Ratings for the NFL suggest the same societal trends are now affecting the league, even if the declines aren’t as dramatic. The drop in game viewership ranges from 5 percent for NBC’s “Sunday Night Football” to 11 percent for the CBS Sunday package. “Monday Night Football,” on Disney’s ESPN, has attracted more fans this year than a year ago, but the numbers are still down from 2015.

Viewership of the four main broadcast networks fell 8.7 percent last year, and 12 percent among adults 18 to 49, an important demographic for advertisers.

CBS’s 11 percent slump for NFL games is the steepest of the networks. Its parent company, which reports earnings after the close Thursday, is more vulnerable than rivals to the trend because the vast majority of its earnings come from the broadcast network. The declines at CBS reinforce a complaint that has gotten louder and louder in recent weeks: The league got greedy in adding the Thursday night game on broadcast.

Reserving top games for Thursday night robbed other time periods of good match-ups. After a nosedive in ratings at “Monday Night Football” last season, the league has scheduled better games for that time period, further damaging Sunday afternoon.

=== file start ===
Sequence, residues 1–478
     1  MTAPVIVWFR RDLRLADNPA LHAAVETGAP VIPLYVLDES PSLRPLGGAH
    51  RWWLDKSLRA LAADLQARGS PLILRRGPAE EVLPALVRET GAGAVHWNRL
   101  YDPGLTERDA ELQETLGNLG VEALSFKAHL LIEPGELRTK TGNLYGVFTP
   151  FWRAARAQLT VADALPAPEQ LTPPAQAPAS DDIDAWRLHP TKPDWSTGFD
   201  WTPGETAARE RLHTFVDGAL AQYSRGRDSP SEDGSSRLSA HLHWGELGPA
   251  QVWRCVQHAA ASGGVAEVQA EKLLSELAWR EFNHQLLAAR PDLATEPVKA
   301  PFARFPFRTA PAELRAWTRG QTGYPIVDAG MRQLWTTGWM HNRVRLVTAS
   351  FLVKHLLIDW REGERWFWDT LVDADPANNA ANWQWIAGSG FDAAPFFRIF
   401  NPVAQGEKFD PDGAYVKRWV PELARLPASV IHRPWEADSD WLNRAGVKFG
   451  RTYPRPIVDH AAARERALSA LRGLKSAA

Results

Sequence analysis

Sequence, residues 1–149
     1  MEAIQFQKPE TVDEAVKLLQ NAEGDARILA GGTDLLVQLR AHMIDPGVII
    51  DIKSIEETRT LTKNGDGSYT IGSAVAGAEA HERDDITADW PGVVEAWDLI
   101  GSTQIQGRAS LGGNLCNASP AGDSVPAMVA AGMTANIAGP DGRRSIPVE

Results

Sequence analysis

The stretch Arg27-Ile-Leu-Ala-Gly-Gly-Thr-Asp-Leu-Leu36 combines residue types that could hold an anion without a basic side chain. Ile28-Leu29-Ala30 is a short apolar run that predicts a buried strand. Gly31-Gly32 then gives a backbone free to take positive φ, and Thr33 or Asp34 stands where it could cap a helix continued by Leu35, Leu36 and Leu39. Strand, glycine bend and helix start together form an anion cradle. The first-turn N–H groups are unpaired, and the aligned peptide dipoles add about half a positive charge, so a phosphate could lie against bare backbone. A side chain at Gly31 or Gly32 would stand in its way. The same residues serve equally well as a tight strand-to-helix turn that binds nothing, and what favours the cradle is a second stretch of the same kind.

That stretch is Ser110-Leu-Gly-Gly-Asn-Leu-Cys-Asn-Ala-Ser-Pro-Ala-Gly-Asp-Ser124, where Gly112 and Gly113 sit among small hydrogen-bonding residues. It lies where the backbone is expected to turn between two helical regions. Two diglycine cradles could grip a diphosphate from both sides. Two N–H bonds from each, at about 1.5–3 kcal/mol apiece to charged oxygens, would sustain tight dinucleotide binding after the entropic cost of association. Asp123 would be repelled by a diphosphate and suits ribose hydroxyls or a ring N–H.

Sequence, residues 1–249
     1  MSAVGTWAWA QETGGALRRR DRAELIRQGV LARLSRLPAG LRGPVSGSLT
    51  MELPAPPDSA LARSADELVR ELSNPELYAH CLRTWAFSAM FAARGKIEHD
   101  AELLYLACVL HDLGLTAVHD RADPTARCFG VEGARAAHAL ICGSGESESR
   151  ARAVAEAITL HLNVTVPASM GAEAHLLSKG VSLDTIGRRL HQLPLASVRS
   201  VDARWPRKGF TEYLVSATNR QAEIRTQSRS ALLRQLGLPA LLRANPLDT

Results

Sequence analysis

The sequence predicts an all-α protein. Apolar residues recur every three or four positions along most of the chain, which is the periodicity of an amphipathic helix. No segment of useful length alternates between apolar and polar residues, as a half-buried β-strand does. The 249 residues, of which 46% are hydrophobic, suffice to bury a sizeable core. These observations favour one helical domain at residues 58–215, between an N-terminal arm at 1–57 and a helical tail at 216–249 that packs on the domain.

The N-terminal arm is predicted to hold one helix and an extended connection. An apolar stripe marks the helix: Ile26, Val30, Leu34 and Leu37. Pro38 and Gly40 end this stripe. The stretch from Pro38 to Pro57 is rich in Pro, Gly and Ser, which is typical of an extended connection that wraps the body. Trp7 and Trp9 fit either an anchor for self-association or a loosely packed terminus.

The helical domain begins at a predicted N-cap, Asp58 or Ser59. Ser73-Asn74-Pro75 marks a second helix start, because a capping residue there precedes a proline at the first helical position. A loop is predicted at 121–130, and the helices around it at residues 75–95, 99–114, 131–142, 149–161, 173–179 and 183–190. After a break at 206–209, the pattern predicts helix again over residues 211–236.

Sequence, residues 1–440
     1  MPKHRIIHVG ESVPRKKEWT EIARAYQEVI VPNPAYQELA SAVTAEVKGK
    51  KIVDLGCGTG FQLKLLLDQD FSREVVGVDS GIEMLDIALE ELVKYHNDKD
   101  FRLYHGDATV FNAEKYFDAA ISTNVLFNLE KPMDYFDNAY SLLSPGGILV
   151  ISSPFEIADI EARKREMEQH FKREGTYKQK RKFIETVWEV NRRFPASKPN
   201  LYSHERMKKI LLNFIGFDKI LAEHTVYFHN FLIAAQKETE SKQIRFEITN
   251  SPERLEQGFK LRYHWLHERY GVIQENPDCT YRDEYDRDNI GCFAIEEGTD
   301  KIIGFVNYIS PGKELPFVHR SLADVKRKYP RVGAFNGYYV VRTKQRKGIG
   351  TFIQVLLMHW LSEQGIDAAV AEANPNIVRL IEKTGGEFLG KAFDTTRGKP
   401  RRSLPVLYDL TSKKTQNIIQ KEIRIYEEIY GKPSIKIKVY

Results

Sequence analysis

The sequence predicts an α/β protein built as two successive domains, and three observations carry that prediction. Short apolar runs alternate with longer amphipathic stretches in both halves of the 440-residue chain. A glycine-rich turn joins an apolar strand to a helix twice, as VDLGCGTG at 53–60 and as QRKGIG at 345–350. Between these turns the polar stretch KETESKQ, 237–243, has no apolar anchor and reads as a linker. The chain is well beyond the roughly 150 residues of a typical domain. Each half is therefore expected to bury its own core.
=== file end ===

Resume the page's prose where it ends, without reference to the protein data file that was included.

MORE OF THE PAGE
“Ratings declines on both general entertainment and NFL programming could be the single biggest point of focus for investors this quarter, and we’re not sure what media companies can say about the health and tone of the ad market to assuage fears,” Steven Cahall, an analyst with RBC Capital Markets, wrote in a note last month.

Viewership is dropping fast among people under 54 — a key demographic for advertisers — and even faster among those 18 to 34. Audiences for games on CBS, NBC and Fox have slid at least 10 percent among that younger cohort.

Advertisers aren’t abandoning the NFL, one of the only places they can still reach more than 10 million people at once. But they are growing concerned. John Schnatter, who appears in TV spots on behalf of his Papa John’s Pizza International Inc., laid into the league on a conference call this week, blaming the ratings for his company’s slow revenue growth and calling for the league to put an end to player protests.